So instead of supporting your argument with facts you're white knighting Apple. The video explains that Apple is by far the worst offender. Just because other companies does it, doesn't excuse that Apple does it worse. The video even mentions about Apple white knighting arguments. If Asus is caught using children to put together HDMI ports like Apple was, I can go with another company for my computer. If Dell doesn't pay their factory workers in India for a year like Apple did, then I can choose to go with another competitor. How many Apple products can you buy that isn't from Apple? You're an Apple user and therefore at the bottom of the morality ladder. You're not going to change that just because other companies do it too, because Apple does it by far the worst. Apple has the money to be the best when it comes to preventing child labor and employment abuse, but instead they are the worst. There's a reason why Apple is so financially valuable when they put very little value into human life.
White-knighting would be letting Apple off the hook; I'm not. It uses suppliers that commit serious labor violations, and its corrective measures sometimes aren't enough. But when you pretend that Apple is "by far" worse than others, even though real evidence shows otherwise, you're really just trying to excuse your own choices. You know damn well that your Android phone, your Windows PC and other tech were likely made in conditions that weren't much better (if at all) than for Apple gear. Have you looked into where and how your devices are made? Don't just assume; check.
 
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jfreund

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I’m well aware. That’s why they need to start switching now and building it all back up slowly here. We have all the materials here. The issue is the plants were all shut down decades ago. With the amount of money Apple has, there is no excuse they should not be dumping it across the US to rebuild everything from mines to the assembly factories along with paying decent wages.

If Apple did this, I would have to seriously re-evaluate my resolve to never buy an Apple product.
 

KarsusTG

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Not entirely. There have been other CPU architectures that proved to be better but ultimately were not. Think of x86 as the Chevy 350 of computers. It's old and others have made better designs but it's extremely easy to work with and there are plenty of parts available for it. It's mostly x86's relationship with IBM compatible, as in most PC's are IBM compatibles. You can build a faster PC with more ram and drive storage. You can also do it for less than an Apple M1. You can install any OS you want onto x86, including Mac OSX. Since x86 has such high demand then AMD and Intel supply it, despite x86 being old and clunky. You aren't going to get that from ARM just because Apple caught up to x86 performance. PowerPC has caught up to x86 and it's dead now.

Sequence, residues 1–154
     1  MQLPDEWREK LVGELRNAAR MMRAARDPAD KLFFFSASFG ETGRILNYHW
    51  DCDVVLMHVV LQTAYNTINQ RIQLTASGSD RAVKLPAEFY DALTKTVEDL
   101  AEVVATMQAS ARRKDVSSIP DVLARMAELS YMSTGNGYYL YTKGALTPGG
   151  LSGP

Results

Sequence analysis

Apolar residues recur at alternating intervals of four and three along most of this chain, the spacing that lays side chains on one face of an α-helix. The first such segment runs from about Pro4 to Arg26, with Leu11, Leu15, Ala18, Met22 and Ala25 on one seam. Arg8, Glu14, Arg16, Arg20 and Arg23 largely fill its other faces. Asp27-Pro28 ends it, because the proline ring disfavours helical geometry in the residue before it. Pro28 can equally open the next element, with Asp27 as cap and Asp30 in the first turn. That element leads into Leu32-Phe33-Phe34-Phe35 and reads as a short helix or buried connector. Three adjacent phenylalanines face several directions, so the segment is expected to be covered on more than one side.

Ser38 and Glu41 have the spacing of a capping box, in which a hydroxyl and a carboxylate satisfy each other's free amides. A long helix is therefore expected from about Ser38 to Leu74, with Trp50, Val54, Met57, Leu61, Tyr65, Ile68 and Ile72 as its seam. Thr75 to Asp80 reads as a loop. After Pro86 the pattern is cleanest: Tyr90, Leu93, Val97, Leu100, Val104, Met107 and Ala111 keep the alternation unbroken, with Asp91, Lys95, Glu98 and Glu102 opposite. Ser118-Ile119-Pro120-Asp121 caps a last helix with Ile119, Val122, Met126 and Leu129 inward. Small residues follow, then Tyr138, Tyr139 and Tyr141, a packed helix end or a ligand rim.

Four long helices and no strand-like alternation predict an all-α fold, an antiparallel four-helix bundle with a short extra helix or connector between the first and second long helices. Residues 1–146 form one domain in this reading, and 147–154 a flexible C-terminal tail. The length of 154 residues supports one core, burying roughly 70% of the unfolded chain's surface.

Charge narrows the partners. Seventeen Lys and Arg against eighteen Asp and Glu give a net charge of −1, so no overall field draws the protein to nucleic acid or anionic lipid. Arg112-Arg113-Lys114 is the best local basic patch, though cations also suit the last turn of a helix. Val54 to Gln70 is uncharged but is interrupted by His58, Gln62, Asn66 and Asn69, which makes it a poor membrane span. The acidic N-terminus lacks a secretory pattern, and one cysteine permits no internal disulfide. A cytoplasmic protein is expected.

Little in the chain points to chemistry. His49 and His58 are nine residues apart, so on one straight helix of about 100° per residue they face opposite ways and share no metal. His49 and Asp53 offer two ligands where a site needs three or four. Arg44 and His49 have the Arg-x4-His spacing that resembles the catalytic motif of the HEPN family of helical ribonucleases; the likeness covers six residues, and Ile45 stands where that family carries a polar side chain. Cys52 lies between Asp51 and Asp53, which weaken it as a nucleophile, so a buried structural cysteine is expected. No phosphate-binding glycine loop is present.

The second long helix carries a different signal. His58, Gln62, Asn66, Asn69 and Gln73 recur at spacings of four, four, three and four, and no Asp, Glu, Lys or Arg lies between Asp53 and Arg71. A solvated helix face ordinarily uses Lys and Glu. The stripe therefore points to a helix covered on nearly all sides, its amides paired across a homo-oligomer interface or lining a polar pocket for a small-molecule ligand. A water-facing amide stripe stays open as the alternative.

This is mostly nonsense. This is like saying because we have been building houses out of pine 2x4's since the 1800's no modern build style will ever be as as strong or versatile as stick frame houses. It is just not true to say because x86 came decades early, no architecture will ever be as good or as fast as x86 can be. ARM is decades behind x86 in expansion and refinement, but is progressing much faster because it ultimately a superior architecture. It will eventually, and in many cases already has surpassed x86 just like a great many of the people on this board have said it would. Like I said in my previous post, this 10w cpu designed for an ultra portable device has the relative compute power somewhere in the ballpark of a desktop 10700k while simultaneously having the gpu power of ~1050ti graphics card. No x86 processor can even remotely touch that, and we are just now starting to scale these types of processors... I think next week ish they are announcing the new variants with 12-20 compute cores and many more gpu cores. I guess we will see if I am right when reviewers start getting their hands on them.

Arm is the superior ISA. That is just the plain and honest truth. x86 has a gaming industry built around it and a ecosystem of builder friendly parts. At the end of the day however its been true since the first Acorn ARM chips. Pound for pound arm wins... no one has ever build a heavy weight ARM chip is all. However it seems like Apple is planning to change that.
This is what so many of us have been saying for years. Apple is just forcing the change on a stagnant market that has been increasing sliding towards mobile anyway.


The overwhelming majority of the market is also cell phones, which everyone needs today. That's like saying the overwhelming majority of people are buying electric cars so therefore gas is old hat, but the reality is gas prices are high and people need cars. The software on mobile is horrible, as you don't exactly get updates like on PC. High market share doesn't mean people are moving towards ARM intentionally.